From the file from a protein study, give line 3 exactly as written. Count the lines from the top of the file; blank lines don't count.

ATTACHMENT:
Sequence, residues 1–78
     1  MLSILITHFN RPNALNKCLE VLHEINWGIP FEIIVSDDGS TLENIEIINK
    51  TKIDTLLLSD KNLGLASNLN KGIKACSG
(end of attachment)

    51  TKIDTLLLSD KNLGLASNLN KGIKACSG